Prior art gate control circuits have the capability of sensing that a switching device is entering a failure mode, but these gate drive circuits are not quick enough to shut down the gate before the switching device is destroyed. Furthermore, many prior art fault protection circuits are placed in the flow of switched current making them susceptible to the same failure modes as the switching device, and thus, the same voltage surge that results in destruction of the MOS device will also destroy the fault protection device. Previous gate drive designs also shut down a switching device suddenly without providing protection against transients inherent in device shut down.
Accordingly, it is a general purpose and object of the present invention to provide a device for preventing damage to a MOS switching device.
It is a further object that such device and method shut down the MOS switching device within 10 μsec of detection of a fault mode.
Another object is that such device and method provide for safely shutting down the MOS switching device without allowing transient currents to damage the device during shut down.
These objects are accomplished with the present invention by providing a fault protection circuit for a power switching device. The circuit comprises a driver circuit electrically connected to the power switching device, a saturation comparator electrically connected to the collector of the switching device to determine if the switching device is switching an excessive voltage, and two voltage comparators to determine if the gate is receiving sufficient voltage. If the gate is oversaturated, the saturation comparator enables the gate of a field effect transistor which drains the gate of the switching device to a predetermined voltage level, and the saturation comparator also disables the driver circuit. The voltage comparators detect insufficient voltage to the driver circuit and disable the driver circuit. Once the driver circuit is disabled the control circuitry can take corrective action.
A more complete understanding of the invention and many of the attendant advantages thereto will be readily appreciated as the same becomes better understood by reference to the following detailed description when considered in conjunction with the accompanying drawings wherein:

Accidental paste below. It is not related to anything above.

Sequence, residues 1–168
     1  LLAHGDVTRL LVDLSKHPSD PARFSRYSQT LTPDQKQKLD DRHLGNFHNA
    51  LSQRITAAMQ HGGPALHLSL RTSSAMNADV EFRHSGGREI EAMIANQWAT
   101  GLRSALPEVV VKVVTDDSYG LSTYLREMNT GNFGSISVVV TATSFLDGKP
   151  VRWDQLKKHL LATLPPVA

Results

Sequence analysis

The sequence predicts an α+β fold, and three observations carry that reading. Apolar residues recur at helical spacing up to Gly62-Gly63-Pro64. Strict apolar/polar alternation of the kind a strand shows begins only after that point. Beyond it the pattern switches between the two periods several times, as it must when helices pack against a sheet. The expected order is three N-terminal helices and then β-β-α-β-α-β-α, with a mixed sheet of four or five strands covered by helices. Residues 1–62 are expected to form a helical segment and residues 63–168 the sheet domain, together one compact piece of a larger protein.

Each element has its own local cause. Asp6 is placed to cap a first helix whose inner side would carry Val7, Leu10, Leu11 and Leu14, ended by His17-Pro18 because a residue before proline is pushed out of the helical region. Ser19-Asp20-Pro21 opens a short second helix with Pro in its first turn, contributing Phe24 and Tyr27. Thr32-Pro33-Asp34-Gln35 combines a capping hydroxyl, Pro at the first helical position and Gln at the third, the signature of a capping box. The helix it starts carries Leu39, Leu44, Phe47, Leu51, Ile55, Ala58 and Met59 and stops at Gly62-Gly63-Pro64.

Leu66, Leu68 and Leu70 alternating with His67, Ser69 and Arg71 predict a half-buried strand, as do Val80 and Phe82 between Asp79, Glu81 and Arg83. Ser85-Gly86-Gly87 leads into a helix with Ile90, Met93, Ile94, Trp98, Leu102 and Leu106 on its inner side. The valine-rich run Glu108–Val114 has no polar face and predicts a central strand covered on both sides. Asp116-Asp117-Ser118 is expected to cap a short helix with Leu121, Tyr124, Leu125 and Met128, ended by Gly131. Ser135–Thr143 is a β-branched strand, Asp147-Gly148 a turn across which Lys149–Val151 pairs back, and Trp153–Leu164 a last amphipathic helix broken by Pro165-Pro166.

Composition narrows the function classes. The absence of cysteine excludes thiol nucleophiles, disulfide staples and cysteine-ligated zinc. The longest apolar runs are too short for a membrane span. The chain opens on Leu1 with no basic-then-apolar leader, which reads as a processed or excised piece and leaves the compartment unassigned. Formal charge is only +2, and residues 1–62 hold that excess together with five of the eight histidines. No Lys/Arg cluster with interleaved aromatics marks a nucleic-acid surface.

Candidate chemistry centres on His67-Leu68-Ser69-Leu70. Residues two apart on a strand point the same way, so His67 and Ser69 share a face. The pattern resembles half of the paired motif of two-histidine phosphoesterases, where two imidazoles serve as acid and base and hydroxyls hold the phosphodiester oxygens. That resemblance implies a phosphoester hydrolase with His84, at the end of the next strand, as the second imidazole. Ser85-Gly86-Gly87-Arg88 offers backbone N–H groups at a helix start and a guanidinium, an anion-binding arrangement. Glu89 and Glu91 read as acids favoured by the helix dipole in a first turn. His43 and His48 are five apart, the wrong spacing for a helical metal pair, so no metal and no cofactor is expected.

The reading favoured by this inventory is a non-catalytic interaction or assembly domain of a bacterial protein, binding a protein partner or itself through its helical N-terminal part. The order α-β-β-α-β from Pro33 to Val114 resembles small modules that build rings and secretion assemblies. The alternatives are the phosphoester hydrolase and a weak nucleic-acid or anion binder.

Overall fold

FIG. 1 is a schematic diagram displaying one coil of an electric motor coupled to a control circuit and a plurality of gate drive circuits embodying the current invention;
FIG. 2 shows a functional block diagram of the current invention; and
FIG. 3 shows a functional block diagram of a second embodiment of the current invention.
The gate drive circuits of the current invention are currently being used to drive switching devices that control current flow through one coil of an electric motor; however, other uses can be made of the present invention. In FIG. 1 there is shown a schematic of the inventive device as used to protect a switching device in an electric motor. FIG. 1 shows a power supply 10 joined to an electric motor coil 12 through a plurality of gate drive switching circuits 14, 16, 18, and 20. Coil 12 represents one phase of a Δ-type electric motor; however, this device can also be used in Y-type electric motors. Ground voltage for each gate drive switching circuit 14, 16, 18, and 20 is the drive circuit's lower switched voltage. Gate drive switching circuits 18 and 20 can be joined directly to a controller 24 because these switching devices operate on the low voltage side of coil 12. However, gate drive switching circuits 14 and 16 must be provided with isolators 26 to allow transmission of a control signal while electrically isolating gate drive switching circuits 14 and 16 from controller 24 because of the difference in operating voltages. Isolators 26 are typically optocouplers such as a Hewlett-Packard HCPL-2531 or the like, but other isolating circuits can be used.